Back-to-school supplies for middle school students used to mean pens, notebooks, maybe a new backpack. But for a growing number of families, the list now includes a laptop computer, USA Today reports. “We would never send our own kids to pediatricians that were practicing medicine from the ’70s or ’80s,” says Mark Hess, principal of Sarah Banks Middle School in Wixom, Mich. “Why would we send our kids to schools that are practicing instructional techniques that are decades old? If we did that, it’d be educational malpractice.” A districtwide laptop program in the Walled Lake, Mich., Consolidated School District starts in the sixth grade and incorporates technology in math, science, English, and history lessons. Parents of sixth-graders have the option to buy a $784 laptop and enroll their child in the program; those kids are placed in a classroom where all students have their own laptops. Those not in the program have access to 7,000 district-leased laptops that teachers share on rolling carts. The 500 sixth-graders in Walled Lake’s laptop classrooms use their computers for most of the school day. They revise papers, solve math problems, and even take tests and quizzes on the computer. Students also use interactive whiteboards and electronic clickers to key in answers, like on a game show. “It’s just another tool for learning,” Hess says. Though they were a novelty a decade ago, “in 2010, laptops should just be commonplace.”

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Do kids learn as well on iPads, eBooks?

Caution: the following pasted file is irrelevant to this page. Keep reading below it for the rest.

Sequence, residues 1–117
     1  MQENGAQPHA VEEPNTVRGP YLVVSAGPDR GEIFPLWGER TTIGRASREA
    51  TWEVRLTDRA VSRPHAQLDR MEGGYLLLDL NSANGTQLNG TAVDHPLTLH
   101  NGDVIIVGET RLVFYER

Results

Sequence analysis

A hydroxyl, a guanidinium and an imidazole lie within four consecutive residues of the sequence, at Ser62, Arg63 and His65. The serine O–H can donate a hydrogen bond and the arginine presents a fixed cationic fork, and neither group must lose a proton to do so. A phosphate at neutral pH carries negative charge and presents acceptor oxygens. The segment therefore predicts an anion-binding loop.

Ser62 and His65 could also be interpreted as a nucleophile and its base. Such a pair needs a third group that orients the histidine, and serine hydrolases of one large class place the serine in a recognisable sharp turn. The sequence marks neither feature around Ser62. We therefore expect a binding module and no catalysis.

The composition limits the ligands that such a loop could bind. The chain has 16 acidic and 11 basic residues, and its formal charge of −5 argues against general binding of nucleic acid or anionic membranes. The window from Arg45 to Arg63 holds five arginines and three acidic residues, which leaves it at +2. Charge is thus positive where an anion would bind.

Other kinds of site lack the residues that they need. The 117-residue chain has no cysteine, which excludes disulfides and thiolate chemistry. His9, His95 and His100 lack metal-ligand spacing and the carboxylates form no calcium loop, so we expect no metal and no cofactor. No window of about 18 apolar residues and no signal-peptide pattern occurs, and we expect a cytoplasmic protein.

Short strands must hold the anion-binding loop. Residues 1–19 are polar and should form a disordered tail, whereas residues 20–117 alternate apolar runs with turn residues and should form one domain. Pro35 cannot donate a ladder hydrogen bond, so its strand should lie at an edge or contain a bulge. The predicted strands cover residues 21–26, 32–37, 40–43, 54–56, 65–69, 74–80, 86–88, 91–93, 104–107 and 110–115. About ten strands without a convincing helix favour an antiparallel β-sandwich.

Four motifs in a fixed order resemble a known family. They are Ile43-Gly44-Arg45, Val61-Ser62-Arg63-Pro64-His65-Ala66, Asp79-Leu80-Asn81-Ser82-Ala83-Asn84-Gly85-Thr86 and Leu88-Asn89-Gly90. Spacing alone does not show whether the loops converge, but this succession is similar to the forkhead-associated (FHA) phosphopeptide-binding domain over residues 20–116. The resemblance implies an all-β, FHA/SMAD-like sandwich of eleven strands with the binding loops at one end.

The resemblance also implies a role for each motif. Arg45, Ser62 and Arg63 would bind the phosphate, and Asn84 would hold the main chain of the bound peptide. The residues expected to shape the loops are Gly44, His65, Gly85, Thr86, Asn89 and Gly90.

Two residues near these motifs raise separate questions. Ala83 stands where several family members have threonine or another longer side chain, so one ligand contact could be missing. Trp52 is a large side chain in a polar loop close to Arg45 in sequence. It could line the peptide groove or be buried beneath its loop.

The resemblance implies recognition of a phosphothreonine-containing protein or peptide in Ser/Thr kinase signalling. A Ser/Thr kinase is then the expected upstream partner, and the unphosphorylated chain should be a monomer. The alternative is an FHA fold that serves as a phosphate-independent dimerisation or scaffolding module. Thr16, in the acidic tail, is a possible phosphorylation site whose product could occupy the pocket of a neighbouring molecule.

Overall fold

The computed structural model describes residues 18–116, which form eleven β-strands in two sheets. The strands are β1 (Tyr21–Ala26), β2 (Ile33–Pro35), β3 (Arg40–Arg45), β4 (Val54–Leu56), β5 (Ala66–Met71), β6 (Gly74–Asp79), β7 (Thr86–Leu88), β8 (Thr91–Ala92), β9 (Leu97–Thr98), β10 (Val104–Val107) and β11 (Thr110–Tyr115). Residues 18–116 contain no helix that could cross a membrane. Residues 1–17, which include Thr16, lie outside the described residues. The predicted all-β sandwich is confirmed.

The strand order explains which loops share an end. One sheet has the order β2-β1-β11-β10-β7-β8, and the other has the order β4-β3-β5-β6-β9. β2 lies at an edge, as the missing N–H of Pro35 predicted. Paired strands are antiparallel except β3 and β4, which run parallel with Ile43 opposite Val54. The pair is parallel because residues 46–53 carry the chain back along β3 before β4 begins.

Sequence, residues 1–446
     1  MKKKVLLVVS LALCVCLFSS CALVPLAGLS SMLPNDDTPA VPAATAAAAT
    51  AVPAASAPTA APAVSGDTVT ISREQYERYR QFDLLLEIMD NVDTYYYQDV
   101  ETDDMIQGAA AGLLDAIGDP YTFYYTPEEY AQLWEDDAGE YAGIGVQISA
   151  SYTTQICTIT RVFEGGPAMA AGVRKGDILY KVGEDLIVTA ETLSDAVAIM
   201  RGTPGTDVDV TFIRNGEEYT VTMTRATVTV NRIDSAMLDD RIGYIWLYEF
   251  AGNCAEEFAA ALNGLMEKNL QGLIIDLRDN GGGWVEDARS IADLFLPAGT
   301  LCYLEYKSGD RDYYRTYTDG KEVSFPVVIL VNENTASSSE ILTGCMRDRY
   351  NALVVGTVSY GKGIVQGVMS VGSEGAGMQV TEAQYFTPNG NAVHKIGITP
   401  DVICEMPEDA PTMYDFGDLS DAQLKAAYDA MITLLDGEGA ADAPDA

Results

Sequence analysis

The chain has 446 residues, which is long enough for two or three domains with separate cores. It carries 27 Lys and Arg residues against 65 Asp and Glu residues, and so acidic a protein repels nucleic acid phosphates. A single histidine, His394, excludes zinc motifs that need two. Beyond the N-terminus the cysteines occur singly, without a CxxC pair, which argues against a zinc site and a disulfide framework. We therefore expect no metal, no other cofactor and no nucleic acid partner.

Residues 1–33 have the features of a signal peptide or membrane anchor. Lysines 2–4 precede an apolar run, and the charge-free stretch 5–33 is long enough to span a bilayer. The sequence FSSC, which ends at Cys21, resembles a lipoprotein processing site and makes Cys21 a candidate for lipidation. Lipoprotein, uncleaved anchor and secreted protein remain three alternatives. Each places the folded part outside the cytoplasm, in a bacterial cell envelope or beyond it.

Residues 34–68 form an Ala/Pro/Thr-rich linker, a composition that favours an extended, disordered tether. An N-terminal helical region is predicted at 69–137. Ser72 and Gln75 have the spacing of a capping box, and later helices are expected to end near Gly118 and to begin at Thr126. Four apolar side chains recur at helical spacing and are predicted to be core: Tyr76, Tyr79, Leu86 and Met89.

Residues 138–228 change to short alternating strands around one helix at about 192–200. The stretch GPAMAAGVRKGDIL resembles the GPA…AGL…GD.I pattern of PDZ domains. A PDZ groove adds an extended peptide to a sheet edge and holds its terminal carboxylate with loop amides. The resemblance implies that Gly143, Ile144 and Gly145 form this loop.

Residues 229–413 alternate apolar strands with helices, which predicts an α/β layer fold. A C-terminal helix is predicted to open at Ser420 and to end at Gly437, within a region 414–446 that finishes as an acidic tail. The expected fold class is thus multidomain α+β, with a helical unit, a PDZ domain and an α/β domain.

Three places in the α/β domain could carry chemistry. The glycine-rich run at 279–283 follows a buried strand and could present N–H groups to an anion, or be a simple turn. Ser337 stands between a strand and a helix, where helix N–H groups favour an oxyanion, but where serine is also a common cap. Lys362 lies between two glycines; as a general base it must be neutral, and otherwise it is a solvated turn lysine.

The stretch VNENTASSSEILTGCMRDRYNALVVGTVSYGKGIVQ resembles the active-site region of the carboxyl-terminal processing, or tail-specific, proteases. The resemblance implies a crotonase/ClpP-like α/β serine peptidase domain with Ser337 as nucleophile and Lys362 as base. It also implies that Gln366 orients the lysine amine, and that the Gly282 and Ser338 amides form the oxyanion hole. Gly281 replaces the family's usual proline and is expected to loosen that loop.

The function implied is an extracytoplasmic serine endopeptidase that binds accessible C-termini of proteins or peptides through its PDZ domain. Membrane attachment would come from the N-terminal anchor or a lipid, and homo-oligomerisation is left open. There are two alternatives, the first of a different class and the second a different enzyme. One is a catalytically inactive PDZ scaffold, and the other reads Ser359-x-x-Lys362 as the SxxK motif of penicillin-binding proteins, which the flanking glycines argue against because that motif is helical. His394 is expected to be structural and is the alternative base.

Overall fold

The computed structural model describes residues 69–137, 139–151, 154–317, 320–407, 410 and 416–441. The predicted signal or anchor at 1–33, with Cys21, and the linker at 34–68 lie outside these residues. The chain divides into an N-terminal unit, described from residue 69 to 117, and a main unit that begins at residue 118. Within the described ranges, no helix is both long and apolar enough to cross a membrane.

Compared with traditional textbooks, the iPad and other devices for reading digital books have the potential to save on textbook costs in the long term, provide students with more and better information faster, and lighten the typical college student’s backpack. Yet the track record on campus for eReader devices so far has been bumpy, USA Today reports. Early trials of the Kindle DX, for example, drew complaints from students about clunky highlighting of text and slow refresh rates. Princeton and George Washington universities this spring found the iPad caused network problems. Federal officials in June cautioned colleges to hold off on using eReaders in the classroom unless the technology can accommodate disabled students. Though many of those problems are being or have been addressed, some of the most tech-savvy students aren’t quite ready to endorse the devices for academic use. And some educational psychologists suggest the dizzying array of options and choices offered by the ever-evolving technology might be making it harder to learn, rather than easier. “The challenge for working in the electronic age is that we have so much access to information but we still have the same brain we always had,” says Richard Mayer, psychology professor at the University of California-Santa Barbara. “The problem is not access to information. It is integrating that information and making sense out of it.”